Before Pope Celestine V ascended to the papacy in 1294, the Church was in a sort of “curial crisis.” Pope Nicholas IV had died in 1292, and for two years the Chair of Saint Peter was left sede vacante.
The twelve surviving cardinals (later eleven, as one died during the sede vacante) were in a deadlock, deliberating for nearly two years without reaching a consensus after the death of Nicholas IV in April of 1292.
They first balloted in Rome for 10 days, but no candidate reached a two-thirds majority. They adjourned until June, which was later extended until September after a summer epidemic in the city. After failing to elect a new pope, the non-Roman cardinals dispersed from the city, while the Roman cardinals remained.
The remaining cardinals continued balloting into the next summer of 1293 while Rome fell into disorder – palaces were razed, churches were sacked, and pilgrims were slayed. Still unable to elect a new pope, they adjourned and agreed to meet again in October at Perugia north of Rome.
In Perugia, they debated fruitlessly into the next year. By the summer of 1294, only six cardinals remained in the city. At their final meeting before they were to adjourn again, a letter was read from brother Pietro da Morrone, a Benedictine hermit known to the cardinals as a saintly figure. Morrone’s letter warned them that God revealed to him they would incur divine wrath if they did not quickly elect a pope.
After the letter was read, the Dean of the College of Cardinals Latino Orsini exclaimed: “In the name of the Father, the Son, and the Holy Ghost, I elect brother Pietro di Morrone.” The other cardinals agreed and recalled the others to Perugia to consent to the election on July 5th, 1294.
When sent for at his mountaintop hermitage, Morrone refused to accept the papacy and even tried to flee. It was only when a group of cardinals and the King of Naples Charles II came to see him that he agreed and took the name Pope Celestine V.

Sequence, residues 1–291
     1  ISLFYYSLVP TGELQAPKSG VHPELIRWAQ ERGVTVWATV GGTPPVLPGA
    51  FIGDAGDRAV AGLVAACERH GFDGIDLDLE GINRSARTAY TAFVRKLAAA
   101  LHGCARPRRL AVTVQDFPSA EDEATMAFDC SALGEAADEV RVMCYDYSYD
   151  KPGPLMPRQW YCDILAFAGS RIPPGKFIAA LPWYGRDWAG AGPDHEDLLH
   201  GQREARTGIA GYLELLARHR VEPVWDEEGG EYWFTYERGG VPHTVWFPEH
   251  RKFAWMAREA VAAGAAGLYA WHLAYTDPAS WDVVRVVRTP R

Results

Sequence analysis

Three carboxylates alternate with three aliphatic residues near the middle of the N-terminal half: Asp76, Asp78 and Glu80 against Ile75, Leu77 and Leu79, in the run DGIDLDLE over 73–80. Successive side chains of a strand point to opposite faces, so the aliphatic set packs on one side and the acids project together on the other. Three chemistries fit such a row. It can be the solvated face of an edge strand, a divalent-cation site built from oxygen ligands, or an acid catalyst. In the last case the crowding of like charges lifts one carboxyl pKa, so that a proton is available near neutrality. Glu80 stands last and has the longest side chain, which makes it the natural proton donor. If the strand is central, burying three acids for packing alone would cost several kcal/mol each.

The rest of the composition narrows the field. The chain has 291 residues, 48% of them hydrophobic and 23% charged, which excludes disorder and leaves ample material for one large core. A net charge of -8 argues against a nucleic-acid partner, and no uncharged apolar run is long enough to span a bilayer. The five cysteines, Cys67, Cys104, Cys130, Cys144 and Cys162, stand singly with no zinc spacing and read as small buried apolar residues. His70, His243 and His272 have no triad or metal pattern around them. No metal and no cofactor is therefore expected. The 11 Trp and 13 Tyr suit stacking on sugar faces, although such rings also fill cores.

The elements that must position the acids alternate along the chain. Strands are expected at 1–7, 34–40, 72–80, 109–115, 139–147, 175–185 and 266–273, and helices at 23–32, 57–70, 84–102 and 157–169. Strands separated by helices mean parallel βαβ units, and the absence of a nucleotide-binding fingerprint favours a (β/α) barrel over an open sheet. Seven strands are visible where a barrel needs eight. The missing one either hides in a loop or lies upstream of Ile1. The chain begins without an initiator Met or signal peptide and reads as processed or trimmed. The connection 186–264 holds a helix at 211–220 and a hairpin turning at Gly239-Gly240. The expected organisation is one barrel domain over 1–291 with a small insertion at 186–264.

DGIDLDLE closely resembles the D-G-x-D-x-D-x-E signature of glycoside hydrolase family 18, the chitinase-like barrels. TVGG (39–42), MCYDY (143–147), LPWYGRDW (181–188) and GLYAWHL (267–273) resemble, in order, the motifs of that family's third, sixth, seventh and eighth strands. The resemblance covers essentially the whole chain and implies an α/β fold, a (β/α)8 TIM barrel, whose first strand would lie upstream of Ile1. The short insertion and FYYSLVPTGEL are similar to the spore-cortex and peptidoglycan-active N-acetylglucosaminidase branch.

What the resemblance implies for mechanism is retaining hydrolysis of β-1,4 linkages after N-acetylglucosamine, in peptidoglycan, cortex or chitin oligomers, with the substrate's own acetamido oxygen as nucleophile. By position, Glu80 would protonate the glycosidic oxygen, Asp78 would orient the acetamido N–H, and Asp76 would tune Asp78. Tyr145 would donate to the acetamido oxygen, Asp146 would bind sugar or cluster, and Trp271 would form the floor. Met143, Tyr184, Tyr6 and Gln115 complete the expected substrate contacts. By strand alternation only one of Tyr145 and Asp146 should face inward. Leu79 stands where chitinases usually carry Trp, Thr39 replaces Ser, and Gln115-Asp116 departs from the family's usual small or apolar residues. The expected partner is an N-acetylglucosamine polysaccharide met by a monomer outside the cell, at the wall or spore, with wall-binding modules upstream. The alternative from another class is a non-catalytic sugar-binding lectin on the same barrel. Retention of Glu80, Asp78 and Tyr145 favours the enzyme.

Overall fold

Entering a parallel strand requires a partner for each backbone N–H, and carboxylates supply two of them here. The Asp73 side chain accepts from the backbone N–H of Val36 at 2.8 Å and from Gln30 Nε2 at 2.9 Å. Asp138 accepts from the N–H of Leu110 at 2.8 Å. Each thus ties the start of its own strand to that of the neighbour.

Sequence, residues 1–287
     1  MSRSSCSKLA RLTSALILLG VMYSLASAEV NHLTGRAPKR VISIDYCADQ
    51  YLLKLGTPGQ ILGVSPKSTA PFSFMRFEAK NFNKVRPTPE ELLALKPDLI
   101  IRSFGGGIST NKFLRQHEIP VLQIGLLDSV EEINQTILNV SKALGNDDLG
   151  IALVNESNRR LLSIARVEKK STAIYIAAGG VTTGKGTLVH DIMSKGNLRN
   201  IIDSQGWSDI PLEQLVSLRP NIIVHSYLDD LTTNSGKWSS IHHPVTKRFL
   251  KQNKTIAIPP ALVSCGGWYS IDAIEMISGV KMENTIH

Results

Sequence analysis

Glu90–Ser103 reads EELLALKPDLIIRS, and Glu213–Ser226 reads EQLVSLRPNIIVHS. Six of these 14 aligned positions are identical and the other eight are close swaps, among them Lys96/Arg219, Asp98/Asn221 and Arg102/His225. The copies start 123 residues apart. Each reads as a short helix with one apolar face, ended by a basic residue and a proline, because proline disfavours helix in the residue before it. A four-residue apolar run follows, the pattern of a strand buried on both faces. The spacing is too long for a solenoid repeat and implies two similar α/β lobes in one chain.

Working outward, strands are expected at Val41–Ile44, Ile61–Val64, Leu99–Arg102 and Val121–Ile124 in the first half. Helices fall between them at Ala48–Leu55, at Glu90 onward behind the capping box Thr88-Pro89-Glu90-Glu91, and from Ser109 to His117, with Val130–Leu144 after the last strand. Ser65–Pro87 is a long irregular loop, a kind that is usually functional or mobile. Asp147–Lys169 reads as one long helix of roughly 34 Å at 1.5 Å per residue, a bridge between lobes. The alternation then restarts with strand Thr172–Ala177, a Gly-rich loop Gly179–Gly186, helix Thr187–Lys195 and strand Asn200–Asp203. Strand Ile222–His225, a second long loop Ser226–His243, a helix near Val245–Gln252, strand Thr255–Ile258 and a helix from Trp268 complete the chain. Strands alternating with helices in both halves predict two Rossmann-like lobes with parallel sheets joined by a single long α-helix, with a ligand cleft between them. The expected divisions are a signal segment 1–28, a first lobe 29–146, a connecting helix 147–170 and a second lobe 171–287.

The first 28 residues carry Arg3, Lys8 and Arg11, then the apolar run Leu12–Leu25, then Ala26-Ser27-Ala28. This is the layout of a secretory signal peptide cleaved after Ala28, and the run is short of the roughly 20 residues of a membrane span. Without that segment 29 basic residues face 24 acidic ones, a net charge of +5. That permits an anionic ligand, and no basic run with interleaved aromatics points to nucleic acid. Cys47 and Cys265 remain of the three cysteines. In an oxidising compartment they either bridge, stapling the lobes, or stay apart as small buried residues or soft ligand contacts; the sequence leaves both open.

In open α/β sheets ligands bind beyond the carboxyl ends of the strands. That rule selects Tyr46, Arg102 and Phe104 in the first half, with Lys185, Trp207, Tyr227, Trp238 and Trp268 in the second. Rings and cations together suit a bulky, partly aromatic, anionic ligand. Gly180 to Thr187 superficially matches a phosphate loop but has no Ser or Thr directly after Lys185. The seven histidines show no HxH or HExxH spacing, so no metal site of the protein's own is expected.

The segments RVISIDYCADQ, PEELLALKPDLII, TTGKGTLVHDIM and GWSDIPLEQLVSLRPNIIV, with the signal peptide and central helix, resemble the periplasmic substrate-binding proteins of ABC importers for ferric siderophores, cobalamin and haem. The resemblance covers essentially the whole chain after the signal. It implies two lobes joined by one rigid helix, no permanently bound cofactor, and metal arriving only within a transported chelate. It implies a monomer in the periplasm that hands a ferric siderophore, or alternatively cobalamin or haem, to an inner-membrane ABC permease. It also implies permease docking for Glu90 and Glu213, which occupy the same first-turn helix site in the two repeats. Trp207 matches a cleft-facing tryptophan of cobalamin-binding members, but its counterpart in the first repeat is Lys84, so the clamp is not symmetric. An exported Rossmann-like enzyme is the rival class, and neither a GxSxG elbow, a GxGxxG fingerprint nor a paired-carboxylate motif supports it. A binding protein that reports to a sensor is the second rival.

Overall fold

His coronation ceremony took place on August 29th, but since only three cardinals were present, his coronation was repeated a few days later when more had arrived in the city of L’Aquila. Known as the “Hermit Pope,” he was the only pope to be crowned twice.
The reluctant pope, Celestine V’s papacy proved ineffectual. He did however renew the papal bull Ubi periculum which made the papal conclave the standard way to elect a pope, preventing any further long periods of sede vacante. He was thus the last non-conclave elected pope in the history of the Church.
After realizeing his lack of authority, personal incompatibility with papal duties, and desire to return to the life of a hermit, h consulted with Cardinal Benedetto Caetani about the possibility of resignation.
His final decree as pope was declaring the right of resignation. A week later, he exercised his right and became the first pope to formally resign the papacy. In his resignation, he cited the following reasons for doing so.
“The desire for humility, for a purer life, for a stainless conscience, the deficiencies of his own physical strength, his ignorance, the perverseness of the people, his longing for the tranquility of his former life.”
Over 700 years later, Pope Benedict XVI would become the second pope to freely exercise the right to resignation on February 28th, 2013.